A Course in Miracles Lesson 184

The Name of God is my inheritance.

In the previous lesson, we learned about the power of God’s Name and how it is also our own. Remembering this fact becomes a means of remembering our underlying oneness. Lesson 184 of A Course in Miracles reinforces these ideas by making clear that our oneness is not a choice on our part or God’s but is rather established in Creation itself. How else could it be our inheritance?

The foundation of our ACIM practice rests on the premise that there is but one Creation; God has “but one Son” (T-2.VII.6:1). If the Name of God is my inheritance, it must also be yours. Therefore, our onenes with God is not a thread between us and God but more like an inclusive space gathering all of Creation – people, animals, quasars, dark matter. Nothing can be excluded. Total and perfect inclusion is what Love is.

It is by remembering – not once but eternally – what Love is that we can finally release false beliefs, ego-based thoughts and erroneous perception and thus experience actual inner peace.

A Course in Miracles teaches us that we live by symbols (W-pI.184.1:1). This process of symbolization inevitably fragments reality by separating one aspect of it from another. Symbols can be helpful in sharing ideas and facilitating understanding at the level of the body but they cannot adequately capture the full essence of wholeness.

We cannot be persuaded of oneness and we cannot be sold oneness. We can only realize oneness for our own selves.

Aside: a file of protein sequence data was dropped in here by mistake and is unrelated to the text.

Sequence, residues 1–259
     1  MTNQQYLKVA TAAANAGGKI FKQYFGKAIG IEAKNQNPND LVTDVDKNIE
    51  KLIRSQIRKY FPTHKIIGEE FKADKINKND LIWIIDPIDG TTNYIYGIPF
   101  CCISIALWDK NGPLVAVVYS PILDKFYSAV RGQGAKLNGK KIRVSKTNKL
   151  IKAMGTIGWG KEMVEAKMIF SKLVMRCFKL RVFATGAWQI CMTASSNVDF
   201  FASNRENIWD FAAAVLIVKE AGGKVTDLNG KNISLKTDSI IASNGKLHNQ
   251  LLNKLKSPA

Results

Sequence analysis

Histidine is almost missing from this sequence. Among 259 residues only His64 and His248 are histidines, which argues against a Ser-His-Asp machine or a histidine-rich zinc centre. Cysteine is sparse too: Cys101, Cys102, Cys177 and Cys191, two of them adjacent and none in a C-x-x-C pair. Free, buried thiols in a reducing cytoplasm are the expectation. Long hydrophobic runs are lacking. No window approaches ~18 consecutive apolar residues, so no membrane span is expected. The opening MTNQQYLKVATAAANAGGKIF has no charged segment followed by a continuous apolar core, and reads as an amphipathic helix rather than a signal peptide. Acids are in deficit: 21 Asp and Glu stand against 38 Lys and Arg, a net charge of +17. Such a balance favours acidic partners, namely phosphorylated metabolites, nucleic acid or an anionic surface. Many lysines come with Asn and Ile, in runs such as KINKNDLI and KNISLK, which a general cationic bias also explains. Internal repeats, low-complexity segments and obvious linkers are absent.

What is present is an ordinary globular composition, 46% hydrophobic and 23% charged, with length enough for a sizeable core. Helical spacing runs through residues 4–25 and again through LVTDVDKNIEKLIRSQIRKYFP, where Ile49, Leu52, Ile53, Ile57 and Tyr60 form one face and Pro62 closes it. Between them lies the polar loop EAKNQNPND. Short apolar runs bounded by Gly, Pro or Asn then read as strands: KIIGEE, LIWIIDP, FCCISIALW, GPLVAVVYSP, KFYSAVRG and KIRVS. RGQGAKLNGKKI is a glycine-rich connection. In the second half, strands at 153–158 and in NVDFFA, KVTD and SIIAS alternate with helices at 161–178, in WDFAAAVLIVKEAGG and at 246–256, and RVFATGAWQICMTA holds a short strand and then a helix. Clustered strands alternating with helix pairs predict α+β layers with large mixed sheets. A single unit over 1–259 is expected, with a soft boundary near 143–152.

In this way, the Course neatly harmonizes with other nondual traditions which consider the fundamental unity of reality or the ultimate truth to be largely beyond the limitations of language or even pictorial symbols. In the Hindu tradition, the concept of Brahman, the ultimate reality, is generally considered to be beyond description or comprehension. There is no prohibition on the word but there is a recognition of its ultimate futility.

So while symbols can point us in the direction of the unity of reality, they are inherently limited by their separative nature, as they break down the whole into parts or concepts. To truly grasp the unity of reality, we need to leave “the sum of the inheritance the world bestows” (W-pI.184.6:1), the “teachig of the world” (W-pI.184.7:1) and discover that “what is true in earth and Heaven is beyond your naming” (W-pI.184.8:3).

Fear and its myriad forms – confusion, anxiety, distraction, conflict – are merely effects of taking literally our capacity to symbolize, believing it can do more than what in truth it can.

There is – because there is always another way.

. . . what you need are intervals each day in which the learning of the world becomes a transitory phase; a prison house from which you go into the sunlight and forget the darkness. Here you understand the Word, the Name which God has given you; the one Identity which all things share; the one acknowledgement of what is true (W-pI.184.10:1-2).

In truth, God has no name (W-pI.184.12:1). But this does not denote emptiness or nothingness. On the contrary.

And yet His Name becomes the final lesson that all things are one, and at this lesson does all learning end. All names are unified; all space is filled with truth’s reflection. Every gap is closed, and separation healed (W-pI.184.12:2-4).

We begin by accepting the limitations of language, and by recognizing how the way in which it functions naturally brings forth the appearance of separation. After that recognition we can become responsible for how we use language. We can use it to ground our practice in silence and stillness and thus decline to reinforce the underlying fragmentation.

This is the essence of the beautiful prayer at the end of the lesson. It is words but not words that force us into a posture of reliance, substituting yet another interpretation for truth. By approaching this prayer in humility and willingness, we easily remember that we can use words and other symbols such that “all foolish separations disppear which kept us blind” (W-pI.184.14:3).

Let us pray and in our prayer remember that the Vision of Christ is our inheritance. Indeed, it is the active tense of God’s Name.

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